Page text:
Mar 13, 2013

25 to 1: The Odds of Winning Third Prize


Now that the Amazon Breakthrough Novel Awards journey has come to an end, I would like to welcome you to my blog by sharing my contest experience and the results.

Expecting Rejection
I casually threw my book into the ring of the 2013 Amazon Breakthrough Novel Awards thinking that the chances of it reaching the top were slim to none.  I never win anything, so what are the odds?  Up to ten thousand unpublished and self-published novels entered the young adult fiction category in January hoping to win something.  At the time, my book was just a finished draft in the process of being edited by friends.  The edited draft wouldn't be ready for another few weeks, which would be past the submission deadline, so I sent it in figuring it wouldn't pass the first cut.

First Elimination
In February, ten thousand reduced to four hundred and my name happened to be on the list of winners advancing to the second round.  Holy shit I thought, what are the odds?  I pulled out the calculator and did the math.  Four hundred divided by ten thousand meant that my novel, Reunion at Walnut Cherryville, ranked in the top four percent just on pitch alone.  Prior to the contest, I rewrote the pitch five times, queried literary agents and got rejection letters with no suggestions for improvement.  I had no idea what I was doing wrong, when finally this great news validated that I did something right.

The Results
Even though my book was eliminated in the second round; I could say that I finally won something where the odds were largely against me.  Reunion at Walnut Cherryville received Third Prize, which was a free editorial review of the novel’s pitch and the first five thousand words.  I am happy to have made it this far.  I heard from the ABNA discussion boards that the editors are going to tear it to shreds, but it’s all for the best.  I’ll make the necessary revisions, publish and maybe compete again next year.  I noticed that many writers said they resubmitted the same title from last year and found that the editorial review actually helped them advance to higher rounds this year.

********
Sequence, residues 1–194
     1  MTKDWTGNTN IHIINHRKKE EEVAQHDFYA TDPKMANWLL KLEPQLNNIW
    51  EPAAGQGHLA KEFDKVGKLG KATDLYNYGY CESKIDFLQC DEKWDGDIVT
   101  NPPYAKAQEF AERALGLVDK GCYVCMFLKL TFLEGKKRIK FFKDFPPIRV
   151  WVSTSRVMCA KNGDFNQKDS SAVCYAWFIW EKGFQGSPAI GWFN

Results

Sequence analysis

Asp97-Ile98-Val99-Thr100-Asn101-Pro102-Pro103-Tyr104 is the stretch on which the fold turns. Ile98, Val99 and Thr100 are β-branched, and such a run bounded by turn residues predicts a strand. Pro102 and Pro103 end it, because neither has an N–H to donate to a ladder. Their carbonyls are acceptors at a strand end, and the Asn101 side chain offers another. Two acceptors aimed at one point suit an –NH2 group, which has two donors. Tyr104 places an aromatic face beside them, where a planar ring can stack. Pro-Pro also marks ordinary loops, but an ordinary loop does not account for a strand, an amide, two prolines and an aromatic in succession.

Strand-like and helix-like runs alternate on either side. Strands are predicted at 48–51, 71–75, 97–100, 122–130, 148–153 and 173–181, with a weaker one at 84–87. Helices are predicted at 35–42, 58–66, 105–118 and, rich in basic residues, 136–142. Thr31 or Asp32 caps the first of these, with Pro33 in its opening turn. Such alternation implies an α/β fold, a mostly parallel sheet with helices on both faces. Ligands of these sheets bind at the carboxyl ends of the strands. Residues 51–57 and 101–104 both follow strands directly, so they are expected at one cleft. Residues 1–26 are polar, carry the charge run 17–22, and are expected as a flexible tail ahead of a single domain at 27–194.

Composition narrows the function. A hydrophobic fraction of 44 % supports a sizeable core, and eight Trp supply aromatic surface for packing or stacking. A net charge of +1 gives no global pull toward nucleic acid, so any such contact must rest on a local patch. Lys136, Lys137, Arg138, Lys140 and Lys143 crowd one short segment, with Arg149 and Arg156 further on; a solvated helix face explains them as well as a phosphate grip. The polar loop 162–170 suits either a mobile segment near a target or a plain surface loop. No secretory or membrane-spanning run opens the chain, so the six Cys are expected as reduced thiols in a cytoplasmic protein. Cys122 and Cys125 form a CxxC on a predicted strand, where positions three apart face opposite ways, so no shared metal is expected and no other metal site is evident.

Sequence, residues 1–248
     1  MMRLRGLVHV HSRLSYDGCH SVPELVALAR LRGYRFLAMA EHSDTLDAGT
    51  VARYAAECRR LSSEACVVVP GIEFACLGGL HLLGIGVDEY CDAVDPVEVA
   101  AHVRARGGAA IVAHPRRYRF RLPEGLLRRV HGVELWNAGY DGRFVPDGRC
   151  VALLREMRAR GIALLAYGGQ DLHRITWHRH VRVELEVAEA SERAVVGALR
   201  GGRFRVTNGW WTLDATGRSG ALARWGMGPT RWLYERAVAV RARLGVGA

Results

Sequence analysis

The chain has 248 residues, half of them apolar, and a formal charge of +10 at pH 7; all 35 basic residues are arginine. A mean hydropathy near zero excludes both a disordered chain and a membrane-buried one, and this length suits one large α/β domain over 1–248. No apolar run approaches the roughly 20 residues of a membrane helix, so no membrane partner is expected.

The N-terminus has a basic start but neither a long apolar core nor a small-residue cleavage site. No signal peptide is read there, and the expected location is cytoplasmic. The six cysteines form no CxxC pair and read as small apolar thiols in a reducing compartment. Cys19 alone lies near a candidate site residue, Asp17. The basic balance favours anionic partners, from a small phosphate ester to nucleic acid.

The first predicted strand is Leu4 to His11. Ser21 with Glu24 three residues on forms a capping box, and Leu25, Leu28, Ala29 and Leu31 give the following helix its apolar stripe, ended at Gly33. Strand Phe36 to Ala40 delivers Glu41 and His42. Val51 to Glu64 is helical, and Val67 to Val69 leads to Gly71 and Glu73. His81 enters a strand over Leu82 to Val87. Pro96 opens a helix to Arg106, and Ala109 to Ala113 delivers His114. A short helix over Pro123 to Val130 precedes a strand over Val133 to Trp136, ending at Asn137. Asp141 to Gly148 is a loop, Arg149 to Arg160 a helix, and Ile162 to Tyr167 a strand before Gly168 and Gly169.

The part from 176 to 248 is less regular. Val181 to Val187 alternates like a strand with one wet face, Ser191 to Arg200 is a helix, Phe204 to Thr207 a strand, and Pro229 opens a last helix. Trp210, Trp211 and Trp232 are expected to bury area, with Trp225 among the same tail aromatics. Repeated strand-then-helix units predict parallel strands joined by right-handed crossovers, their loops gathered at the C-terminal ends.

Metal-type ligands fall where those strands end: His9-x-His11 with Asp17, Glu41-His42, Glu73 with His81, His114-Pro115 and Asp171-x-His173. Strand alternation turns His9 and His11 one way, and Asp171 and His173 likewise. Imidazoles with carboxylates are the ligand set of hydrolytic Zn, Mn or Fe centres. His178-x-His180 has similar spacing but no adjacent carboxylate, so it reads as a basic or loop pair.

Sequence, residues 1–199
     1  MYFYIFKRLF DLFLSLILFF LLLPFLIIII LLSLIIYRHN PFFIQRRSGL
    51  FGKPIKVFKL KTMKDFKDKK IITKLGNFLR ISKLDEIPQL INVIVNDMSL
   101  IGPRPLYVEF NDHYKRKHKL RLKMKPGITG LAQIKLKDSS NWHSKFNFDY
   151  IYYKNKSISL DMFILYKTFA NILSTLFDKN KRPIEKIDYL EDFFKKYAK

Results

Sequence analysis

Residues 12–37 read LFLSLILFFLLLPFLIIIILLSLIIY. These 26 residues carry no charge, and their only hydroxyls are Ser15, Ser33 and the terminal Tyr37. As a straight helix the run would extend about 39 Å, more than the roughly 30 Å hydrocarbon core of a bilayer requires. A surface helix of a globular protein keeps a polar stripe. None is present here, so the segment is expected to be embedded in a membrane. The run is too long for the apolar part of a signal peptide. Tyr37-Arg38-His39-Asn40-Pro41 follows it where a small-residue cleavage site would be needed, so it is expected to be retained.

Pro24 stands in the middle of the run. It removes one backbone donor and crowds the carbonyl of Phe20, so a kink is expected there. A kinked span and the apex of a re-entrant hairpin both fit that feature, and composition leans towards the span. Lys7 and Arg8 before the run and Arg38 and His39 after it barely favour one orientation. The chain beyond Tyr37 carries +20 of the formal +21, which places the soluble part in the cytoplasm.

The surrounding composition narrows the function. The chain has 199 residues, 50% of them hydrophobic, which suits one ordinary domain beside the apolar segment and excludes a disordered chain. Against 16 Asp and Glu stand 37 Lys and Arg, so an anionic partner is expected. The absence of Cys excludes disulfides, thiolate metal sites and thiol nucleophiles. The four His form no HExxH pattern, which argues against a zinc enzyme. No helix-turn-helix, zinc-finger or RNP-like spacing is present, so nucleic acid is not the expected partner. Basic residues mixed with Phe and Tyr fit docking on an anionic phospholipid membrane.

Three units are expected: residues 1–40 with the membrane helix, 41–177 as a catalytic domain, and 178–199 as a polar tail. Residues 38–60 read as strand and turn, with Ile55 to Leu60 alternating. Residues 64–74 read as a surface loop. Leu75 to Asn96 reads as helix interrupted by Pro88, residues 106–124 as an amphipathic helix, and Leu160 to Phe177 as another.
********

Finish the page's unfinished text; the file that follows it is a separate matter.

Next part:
Feedback from Reviewers
ABNA Expert Reviewer 1:

What is the strongest aspect of this excerpt?  
Strong imagery; I can imagine this dystopian world.  Reminds me a little of "Holes."

What aspect needs the most work?  
I couldn't even tell that the narrator/protagonist in chapter 3 is a girl until I was at least halfway through my assigned passage. This work needs more to alert the reader about the apparent switch in narrators.  Edit the grammar and spelling! Granted, the narrators are supposed to be unreliable, not-so-educated teenagers, but please edit!

What is your overall opinion of this excerpt?  
Strong sexuality.  For sophisticated high schoolers.

ABNA Expert Reviewer 2:

What is the strongest aspect of this excerpt?  
The plot is being well worked out along with requisite suspense and anticipation for what's coming up next.

What aspect needs the most work?  
There is confusion as to the narrator who apparently changes from chapter to chapter. It can and should be made clearer just who is narrating. Having each of apparently three narrators speaking in the first person is confusing.

What is your overall opinion of this excerpt?  
All in all, this is well written and the reader is anxious to learn more.

What Now?
That wasn't too painful, now was it?  Not what I was expecting.  After I do some quick revisions, I will be publishing within two weeks.  To stay posted on the release date, follow me on Facebook and Twitter @EternalFeud

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